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1st May 2012

by Mark Comerford and Sarah Mottram

In Press from Elsevier


This book presents a comprehensive system for the assessment and retraining of movement control. It has been in evolution for the last 25 years. Uncontrolled movement has a significant impact on the development of movement disorders and pain. The scientific support for the process of the assessment and retraining of uncontrolled movement has been steadily expanding particularly in the last 10 years. The influence of uncontrolled movement on symptoms, especially pain, movement function, recurrence of symptoms and disability is now well established. We believe that in the next 10 years the literature will support that the presence of uncontrolled movement will also be recognised as a predictor of injury risk and as having an influence on performance.

Uncontrolled movement can be identified by movement control tests. People with pain demonstrate aberrant movement patterns during the performance of these movement control tests. A growing body of evidence supports the use of movement control tests in the assessment and management of chronic and recurrent pain. The identification of uncontrolled movement in terms of the site, direction and threshold of movement impairment is a unique subclassification system of musculoskeletal disorders and pain. The movement testing process proposed enables the classification of uncontrolled movement into diagnostic subgroups that can be used to develop client-specific retraining programs. This process can determine management priorities and optimise the management of musculoskeletal pain and injury recurrence. Subclassification is now recognised as being the cornerstone of movement assessment and the evidence for subclassification of site, direction and threshold is growing. This book details a structured system of testing, clinical reasoning and specific retraining. This system does not preclude other interventions as it is designed to enhance the management of musculoskeletal disorders.

The Kinetic Control process has come a long way in last 25 years. The motivation for the development of the Kinetic Control process was to find a way to blend the new and exciting concepts in movement dysfunction into an integrated clinical process, built on the foundation of a solid clinical reasoning framework. Our aim is to gain a better understanding into the inter-relationship between the restrictions of movement function and movement compensations. The breakthrough came with the realisation that some compensation strategies are normal adaptive coping mechanisms and do not demonstrate uncontrolled movement, while others are maladaptive compensation strategies that present with uncontrolled movement. This led us to develop the structured assessment process detailed in this text including the Movement Control Rating System (Chapter 3). This clinical assessment tool can identify movement control deficiencies and be valuable for reassessing improvements in motor control efficiency.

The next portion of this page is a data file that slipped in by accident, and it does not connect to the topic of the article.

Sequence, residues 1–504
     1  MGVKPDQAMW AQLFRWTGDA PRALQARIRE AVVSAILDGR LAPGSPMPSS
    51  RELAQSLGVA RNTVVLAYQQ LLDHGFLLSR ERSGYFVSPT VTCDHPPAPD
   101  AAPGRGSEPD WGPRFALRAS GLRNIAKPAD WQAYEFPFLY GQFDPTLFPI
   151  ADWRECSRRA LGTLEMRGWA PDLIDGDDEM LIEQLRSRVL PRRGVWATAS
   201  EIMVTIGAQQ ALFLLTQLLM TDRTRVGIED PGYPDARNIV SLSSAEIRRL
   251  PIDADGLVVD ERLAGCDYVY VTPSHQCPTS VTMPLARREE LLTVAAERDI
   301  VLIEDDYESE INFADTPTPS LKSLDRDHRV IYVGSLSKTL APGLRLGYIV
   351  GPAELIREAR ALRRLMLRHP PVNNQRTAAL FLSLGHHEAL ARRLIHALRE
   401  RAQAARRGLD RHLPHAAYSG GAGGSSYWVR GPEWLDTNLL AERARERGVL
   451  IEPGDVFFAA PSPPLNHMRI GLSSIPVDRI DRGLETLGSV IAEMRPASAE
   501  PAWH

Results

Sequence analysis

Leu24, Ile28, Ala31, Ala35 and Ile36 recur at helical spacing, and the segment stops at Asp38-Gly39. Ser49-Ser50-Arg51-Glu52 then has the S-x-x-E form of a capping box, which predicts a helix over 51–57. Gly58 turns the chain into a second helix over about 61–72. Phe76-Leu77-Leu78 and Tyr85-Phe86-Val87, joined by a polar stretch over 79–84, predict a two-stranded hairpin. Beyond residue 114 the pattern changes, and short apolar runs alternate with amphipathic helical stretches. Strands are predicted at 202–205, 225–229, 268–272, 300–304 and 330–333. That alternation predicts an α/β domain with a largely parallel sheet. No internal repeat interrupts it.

Recurrent musculoskeletal pain has a significant impact on health care costs, employment productivity and quality of life. Uncontrolled movement can be identified by observation, and corrective retraining of this uncontrolled movement may have an influence on onset and recurrence of symptoms. To date, outcome measures in terms of changes in range and strength, have not influenced the onset and recurrence of injury. The ability to assess for uncontrolled movement and to retrain movement control is an essential skill for all clinicians involved in the management of musculoskeletal pain, rehabilitation, injury prevention, and those working in health promotion, sport and occupational environments. Preventing the recurrence of musculoskeletal pain can both influence quality of life and have an economic impact.

Movement control dysfunction represents multifaceted problems in the movement system. Skills are required to analyse movement, make a clinical diagnosis of movement faults and develop and apply a patient-specific retraining program and management plan to deal with pain, disability, recurrence of pain and dysfunction. The mechanisms of aberrant movement patterns can be complex, so a sound clinical reasoning framework is essential to determine management goals and priorities. We present an assessment framework which will provide the option to consider four key criteria relevant to dysfunctional movement: the diagnosis of movement faults (site and direction of uncontrolled movement), the diagnosis of pain-sensitive tissues (patho-anatomical structure), the diagnosis of pain mechanisms and identifying relevant contextual factors (environmental and personal). This clinical reasoning framework can help identify priorities for rehabilitation, where to start retraining and how to be very specific and effective in exercise prescription to develop individual retaining programs.

Uncontrolled movement can be reliably indentified in a clinical environment and related to the presence of musculoskeletal pain, to the recurrence of musculoskeletal pain and to the prediction of musculoskeletal pain. We hope this text will enable clinicians worldwide to effectively identify and retrain uncontrolled movement and help people move better, feel better and do more.

Mark Comerford

Sarah Mottram


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